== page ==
My thoughts are, which then continues in the next book Pretties, what would actually happen if everyone was pretty? Or, maybe just the stereotypical, “Hollywood” beautiful? Even in their world, they find other ways to become superior or inferior to one another. That would happen in our society, too, because humans (in my opinion) fall to superiority and inferiority. The next book especially, but also the first, show ways that we don’t think about when we are thinking about how our society could change. Even if we all were stereotypically “perfect”, there would still be ways to separate people. 

But, either way, this book is one of my favourite books. The characters are very relatable, because they’re near our age, and feeling (obviously) out of place, and kind of going through similar situations- though their situations are a bit more extreme. The novel keeps you interested with romance, action, adventure, and friendship. I couldn’t put it down. Definitely recommend this book to anyone!

Thursday, November 13, 2014

Tolog Review: The Color Purple

The Color Purple
by Alice Walker
reviewed by Meiqing Gao

This great book which is not only describe a dark world, but also give people a newest, challenging and some different points of views. “The Color Purple” describe a black woman Celie who is not beautiful, intelligent, no characteristics and cowardly with a totally different world with us. Celie writes the letters to the God everyday about her daily through her lifetime. Through this process, she knows some new people and new qualifications; she is changing, she become a greatly, confidently and hopefully person, she get lover, friends, kinship and something she even cannot imagine before. I’m going to talk about some plots about her changes next.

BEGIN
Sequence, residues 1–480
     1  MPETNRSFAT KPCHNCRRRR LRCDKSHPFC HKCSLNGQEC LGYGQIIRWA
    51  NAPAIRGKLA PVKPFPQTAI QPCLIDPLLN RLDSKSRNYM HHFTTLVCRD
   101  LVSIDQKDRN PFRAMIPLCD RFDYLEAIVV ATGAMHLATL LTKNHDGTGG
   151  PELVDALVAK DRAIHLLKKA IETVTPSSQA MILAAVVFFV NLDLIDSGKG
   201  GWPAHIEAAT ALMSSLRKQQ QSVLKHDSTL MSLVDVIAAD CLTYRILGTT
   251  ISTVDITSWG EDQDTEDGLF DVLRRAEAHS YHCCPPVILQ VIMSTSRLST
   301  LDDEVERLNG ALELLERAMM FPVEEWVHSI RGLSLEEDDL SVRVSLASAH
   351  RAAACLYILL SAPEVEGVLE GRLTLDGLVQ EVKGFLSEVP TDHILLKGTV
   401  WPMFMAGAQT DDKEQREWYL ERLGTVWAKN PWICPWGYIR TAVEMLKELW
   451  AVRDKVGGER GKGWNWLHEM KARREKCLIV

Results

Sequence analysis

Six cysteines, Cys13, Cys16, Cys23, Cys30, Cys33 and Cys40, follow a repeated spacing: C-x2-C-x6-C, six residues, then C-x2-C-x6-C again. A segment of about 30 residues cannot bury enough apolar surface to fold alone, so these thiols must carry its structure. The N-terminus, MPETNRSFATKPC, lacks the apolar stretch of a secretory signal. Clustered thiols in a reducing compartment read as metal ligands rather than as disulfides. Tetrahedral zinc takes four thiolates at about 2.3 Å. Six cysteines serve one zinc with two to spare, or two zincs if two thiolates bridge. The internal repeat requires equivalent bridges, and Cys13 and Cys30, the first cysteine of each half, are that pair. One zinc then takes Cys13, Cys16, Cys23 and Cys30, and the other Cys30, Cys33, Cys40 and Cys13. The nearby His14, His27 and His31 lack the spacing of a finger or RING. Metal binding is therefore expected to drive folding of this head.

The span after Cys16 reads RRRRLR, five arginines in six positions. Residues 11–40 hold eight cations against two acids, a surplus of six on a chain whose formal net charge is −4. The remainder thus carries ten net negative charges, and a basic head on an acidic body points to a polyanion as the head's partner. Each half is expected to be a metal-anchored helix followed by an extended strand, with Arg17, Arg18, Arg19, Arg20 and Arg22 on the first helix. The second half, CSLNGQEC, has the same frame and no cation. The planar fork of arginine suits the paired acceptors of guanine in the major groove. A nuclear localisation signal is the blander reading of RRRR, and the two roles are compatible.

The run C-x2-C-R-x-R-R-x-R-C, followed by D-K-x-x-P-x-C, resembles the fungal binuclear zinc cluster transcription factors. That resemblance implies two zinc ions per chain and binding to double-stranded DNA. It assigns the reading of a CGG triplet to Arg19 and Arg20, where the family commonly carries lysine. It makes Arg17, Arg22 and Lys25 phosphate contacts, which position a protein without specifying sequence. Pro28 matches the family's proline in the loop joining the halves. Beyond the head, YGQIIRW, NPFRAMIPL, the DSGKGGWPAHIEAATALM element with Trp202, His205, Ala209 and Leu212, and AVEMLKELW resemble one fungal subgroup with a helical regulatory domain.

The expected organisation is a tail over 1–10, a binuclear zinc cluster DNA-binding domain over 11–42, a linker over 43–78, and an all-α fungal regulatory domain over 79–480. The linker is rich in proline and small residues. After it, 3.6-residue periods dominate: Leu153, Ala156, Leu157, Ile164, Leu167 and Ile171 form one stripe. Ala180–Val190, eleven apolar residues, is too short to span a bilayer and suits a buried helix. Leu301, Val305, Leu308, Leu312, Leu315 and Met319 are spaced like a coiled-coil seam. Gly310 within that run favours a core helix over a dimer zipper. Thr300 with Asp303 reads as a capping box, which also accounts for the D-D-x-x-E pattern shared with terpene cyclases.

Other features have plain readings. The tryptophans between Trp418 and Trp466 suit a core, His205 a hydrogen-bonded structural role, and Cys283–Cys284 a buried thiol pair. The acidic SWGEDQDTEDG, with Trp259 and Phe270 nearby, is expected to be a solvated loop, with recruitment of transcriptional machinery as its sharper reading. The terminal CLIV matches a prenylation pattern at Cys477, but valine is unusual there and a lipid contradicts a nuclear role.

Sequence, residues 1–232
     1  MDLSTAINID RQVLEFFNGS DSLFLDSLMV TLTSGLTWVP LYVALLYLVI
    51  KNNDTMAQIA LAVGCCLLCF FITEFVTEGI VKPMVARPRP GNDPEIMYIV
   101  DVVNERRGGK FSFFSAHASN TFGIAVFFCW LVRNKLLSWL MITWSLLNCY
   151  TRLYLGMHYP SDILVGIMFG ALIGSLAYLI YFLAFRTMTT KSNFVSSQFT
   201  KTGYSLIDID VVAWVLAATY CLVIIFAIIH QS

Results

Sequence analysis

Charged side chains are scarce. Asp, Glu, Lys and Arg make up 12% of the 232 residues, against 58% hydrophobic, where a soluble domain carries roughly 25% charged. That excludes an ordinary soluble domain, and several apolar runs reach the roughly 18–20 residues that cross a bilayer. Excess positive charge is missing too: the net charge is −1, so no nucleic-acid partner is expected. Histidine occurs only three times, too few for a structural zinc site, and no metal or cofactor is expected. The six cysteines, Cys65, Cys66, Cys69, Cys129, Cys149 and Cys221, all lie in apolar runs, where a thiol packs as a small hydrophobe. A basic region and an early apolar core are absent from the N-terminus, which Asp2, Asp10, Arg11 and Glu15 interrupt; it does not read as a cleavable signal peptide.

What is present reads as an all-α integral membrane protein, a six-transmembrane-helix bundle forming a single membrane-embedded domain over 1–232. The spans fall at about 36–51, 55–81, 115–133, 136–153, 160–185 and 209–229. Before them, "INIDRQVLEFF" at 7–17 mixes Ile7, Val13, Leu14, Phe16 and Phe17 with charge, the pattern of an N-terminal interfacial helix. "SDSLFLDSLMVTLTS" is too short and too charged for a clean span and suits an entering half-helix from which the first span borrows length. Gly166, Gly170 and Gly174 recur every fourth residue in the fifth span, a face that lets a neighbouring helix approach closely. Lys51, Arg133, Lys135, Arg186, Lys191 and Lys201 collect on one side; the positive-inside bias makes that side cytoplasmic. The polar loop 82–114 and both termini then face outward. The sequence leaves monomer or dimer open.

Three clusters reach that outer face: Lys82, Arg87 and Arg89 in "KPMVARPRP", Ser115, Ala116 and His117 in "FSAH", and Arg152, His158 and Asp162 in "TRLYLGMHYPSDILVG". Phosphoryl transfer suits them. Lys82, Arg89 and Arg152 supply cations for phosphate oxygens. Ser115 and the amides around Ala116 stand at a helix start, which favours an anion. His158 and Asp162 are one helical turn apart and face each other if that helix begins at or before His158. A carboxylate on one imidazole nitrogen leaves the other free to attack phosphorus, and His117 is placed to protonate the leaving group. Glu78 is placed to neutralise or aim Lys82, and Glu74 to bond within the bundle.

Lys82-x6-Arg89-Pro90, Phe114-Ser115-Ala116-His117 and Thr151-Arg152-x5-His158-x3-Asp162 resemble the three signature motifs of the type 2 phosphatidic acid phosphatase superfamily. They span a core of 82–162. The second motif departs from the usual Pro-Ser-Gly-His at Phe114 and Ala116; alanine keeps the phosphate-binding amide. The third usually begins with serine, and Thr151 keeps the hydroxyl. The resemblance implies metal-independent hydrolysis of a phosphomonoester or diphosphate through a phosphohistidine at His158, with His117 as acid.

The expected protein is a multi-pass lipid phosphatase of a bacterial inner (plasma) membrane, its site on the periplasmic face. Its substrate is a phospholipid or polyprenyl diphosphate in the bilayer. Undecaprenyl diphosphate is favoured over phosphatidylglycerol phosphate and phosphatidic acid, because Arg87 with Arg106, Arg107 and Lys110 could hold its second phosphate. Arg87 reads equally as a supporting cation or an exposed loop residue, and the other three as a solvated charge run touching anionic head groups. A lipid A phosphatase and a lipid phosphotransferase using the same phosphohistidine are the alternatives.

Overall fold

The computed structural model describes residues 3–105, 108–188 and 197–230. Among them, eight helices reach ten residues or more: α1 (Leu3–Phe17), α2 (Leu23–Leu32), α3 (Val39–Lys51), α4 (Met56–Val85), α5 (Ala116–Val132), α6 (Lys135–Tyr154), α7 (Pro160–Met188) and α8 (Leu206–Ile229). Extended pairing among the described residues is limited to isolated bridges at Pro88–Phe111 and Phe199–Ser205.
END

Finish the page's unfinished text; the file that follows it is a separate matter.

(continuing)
Celie was the poorest woman in this world; she lost her self-esteem, her children and her sister Nettie because of her gutless. The first time she got the new thought is from Sophia. Sophia was an impulsive person, she knows how to reject things and speak it out, she has her own mind; however, Celie is afraid of refuse the things she doesn’t want and resist people. Sophia gave her a big influence because that’s an amazing thing she did not contacted before. Sophia has so much different with Celie. she hit back her husband and leaves him with fearless. She made a new point of view for Celie.